Sabbath’s Theater (1995) may have Roth’s most lecherous protagonist, Mickey Sabbath, a disgraced former puppeteer; it won his second National Book Award. In complete contrast, American Pastoral (1997), the first volume of his so-called second Zuckerman trilogy, focuses on the life of virtuous Newark athletics star Swede Levov and the tragedy that befalls him when his teenage daughter transforms into a domestic terrorist during the late 1960s; it won the Pulitzer Prize for Fiction. I Married a Communist (1998) focuses on the McCarthy era. The Human Stain examines identity politics in 1990s America. The Dying Animal (2001) is a short novel about eros and death that revisits literary professor David Kepesh, protagonist of two 1970s works, The Breast and The Professor of Desire. In The Plot Against America (2004), Roth imagines an alternate American history in which Charles Lindbergh, aviator hero and isolationist, is elected U.S. president in 1940, and the U.S. negotiates an understanding with Hitler’s Nazi Germany and embarks on its own program of anti-Semitism.
Roth’s novel Everyman, a meditation on illness, aging, desire, and death, was published in May 2006. For Everyman Roth won his third PEN/Faulkner Award, making him the only person so honored. Exit Ghost, which again features Nathan Zuckerman, was released in October 2007. According to the book’s publisher, it is the last Zuckerman novel. Indignation, Roth’s 29th book, was published on September 16, 2008. Set in 1951, during the Korean War, it follows Marcus Messner’s departure from Newark to Ohio’s Winesburg College, where he begins his sophomore year. In 2009, Roth’s 30th book The Humbling was published, which told the story of the last performances of Simon Axler, a celebrated stage actor. Roth’s 31st book, Nemesis, was published on October 5, 2010. According to the book’s notes, Nemesis is the final in a series of four “short novels,” which also included Everyman, Indignation and The Humbling.
Two of Roth’s works have won the National Book Award for Fiction; four others were finalists. Two have won National Book Critics Circle awards; again, another five were finalists. He has also won three PEN/Faulkner Awards (Operation Shylock, The Human Stain, and Everyman) and a Pulitzer Prize for his 1997 novel, American Pastoral. In 2001, The Human Stain was awarded the United Kingdom’s WH Smith Literary Award for the best book of the year. In 2002, he was awarded the National Book Foundation Medal for Distinguished Contribution to American Letters Literary critic Harold Bloom has named him as one of the four major American novelists still at work, along with Thomas Pynchon, Don DeLillo, and Cormac McCarthy. His 2004 novel The Plot Against America won the Sidewise Award for Alternate History in 2005 as well as the Society of American Historians’ James Fenimore Cooper Prize. Roth was also awarded the United Kingdom’s WH Smith Literary Award for the best book of the year, an award Roth has received twice. He was honored in his hometown in October 2005 when then-mayor Sharpe James presided over the unveiling of a street sign in Roth’s name on the corner of Summit and Keer Avenues where Roth lived for much of his childhood, a setting prominent in The Plot Against America. A plaque on the house where the Roths lived was also unveiled. In May 2006, he was given the PEN/Nabokov Award, and in 2007 he was awarded the PEN/Faulkner award for Everyman, making him the award’s only three-time winner. In April 2007, he was chosen as the recipient of the first PEN/Saul Bellow Award for Achievement in American Fiction.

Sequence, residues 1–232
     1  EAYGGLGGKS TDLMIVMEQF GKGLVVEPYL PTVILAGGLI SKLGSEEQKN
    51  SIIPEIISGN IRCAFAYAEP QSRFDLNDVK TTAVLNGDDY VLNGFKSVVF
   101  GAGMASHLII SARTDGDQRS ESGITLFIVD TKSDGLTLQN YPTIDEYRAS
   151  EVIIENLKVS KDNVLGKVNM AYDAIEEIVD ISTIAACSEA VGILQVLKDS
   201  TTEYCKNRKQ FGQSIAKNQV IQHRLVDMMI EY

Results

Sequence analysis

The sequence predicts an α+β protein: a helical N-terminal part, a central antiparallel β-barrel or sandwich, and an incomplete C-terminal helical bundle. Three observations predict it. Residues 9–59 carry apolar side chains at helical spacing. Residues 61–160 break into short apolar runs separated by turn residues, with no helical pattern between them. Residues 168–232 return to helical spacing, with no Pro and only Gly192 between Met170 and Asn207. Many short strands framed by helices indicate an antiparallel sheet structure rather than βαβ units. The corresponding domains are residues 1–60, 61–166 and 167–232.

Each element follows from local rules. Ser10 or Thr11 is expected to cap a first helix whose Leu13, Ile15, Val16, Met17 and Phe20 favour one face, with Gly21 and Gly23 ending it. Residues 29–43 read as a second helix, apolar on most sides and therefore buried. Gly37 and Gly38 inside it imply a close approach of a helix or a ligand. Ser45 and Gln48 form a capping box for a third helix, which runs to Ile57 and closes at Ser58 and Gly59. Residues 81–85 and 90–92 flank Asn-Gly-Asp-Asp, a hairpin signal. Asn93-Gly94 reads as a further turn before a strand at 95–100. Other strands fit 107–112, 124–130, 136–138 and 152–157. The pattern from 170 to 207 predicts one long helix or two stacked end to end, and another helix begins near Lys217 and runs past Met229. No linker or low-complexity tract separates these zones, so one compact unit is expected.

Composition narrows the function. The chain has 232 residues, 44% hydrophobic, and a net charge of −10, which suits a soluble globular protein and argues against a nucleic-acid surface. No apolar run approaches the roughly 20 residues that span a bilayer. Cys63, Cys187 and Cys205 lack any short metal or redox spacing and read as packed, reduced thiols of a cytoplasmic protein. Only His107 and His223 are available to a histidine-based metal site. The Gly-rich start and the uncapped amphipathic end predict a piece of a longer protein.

The May 21, 2006 issue of The New York Times Book Review announced the results of a letter that was sent to what the publication described as “a couple of hundred prominent writers, critics, editors and other literary sages, asking them to please identify ‘the single best work of American fiction published in the last 25 years.'” Six of Roth’s novels were in the 22 selected: American Pastoral, The Counterlife, Operation Shylock, Sabbath’s Theater, The Human Stain, and The Plot Against America. The accompanying essay, written by critic A.O. Scott, stated, “If we had asked for the single best writer of fiction of the past 25 years, [Roth] would have won.” In 2009, he was awarded the Welt-Literaturpreis of the German newspaper Die Welt.
Nathan Zuckerman series
Philip Roth – My Life As A Man (read by Dan John Miller)
Philip Roth – The Ghost Writer (read by George Guidall)
Philip Roth – Zuckerman Unbound (read by George Guidall)
Philip Roth – The Anatomy Lesson (read by George Guidall)
Philip Roth – The Prague Orgy (read by George Guidall)
Philip Roth – The Counterlife (read by George Guidall)
Philip Roth – American Pastoral (read by Ron Silver)
Philip Roth – I Married A Communist (read by Ron Silver)
Philip Roth – The Human Stain (read by Arliss Howard and Debra Winger)
Philip Roth – Exit Ghost (read by George Guidall)
Philip Roth – Portnoy’s Complaint (read by Ron Silver)
Philip Roth – Everyman (read by George Guidall)
Philip Roth – Nemesis (read by Dennis Boutsikaris)
Philip Roth – Indignation (read by D*ick Hill)
Philip Roth – Sabbath’s Theater (read by David Dukes)
Philip Roth – The Dying Animal (read by Arliss Howard)
Philip Roth – The Humbling (read by D*ick Hill)
Philip Roth – Operation Shylock (read by Fritz Weaver)
Philip Roth – The Breast (read by David Colacci)
Philip Roth – Patrimony (read by George Guidall)
Philip Roth – The Professor Of Desire (read by David Colacci)
Philip Roth – The Great American Novel (read by James Daniels)
Philip Roth – Deception (read by Susan Ericksen and David Colacci)
Philip Roth – When She Was Good (read by Tanya Eby)
Philip Roth – Letting Go (read by Luke Daniels)
Philip Roth – The Facts (read by Mel Foster)
Philip Roth – The Plot Against America (read by Ron Silver)
Philip Roth – Goodbye, Columbus (read by John Rubinstein)
Nathan Zuckerman series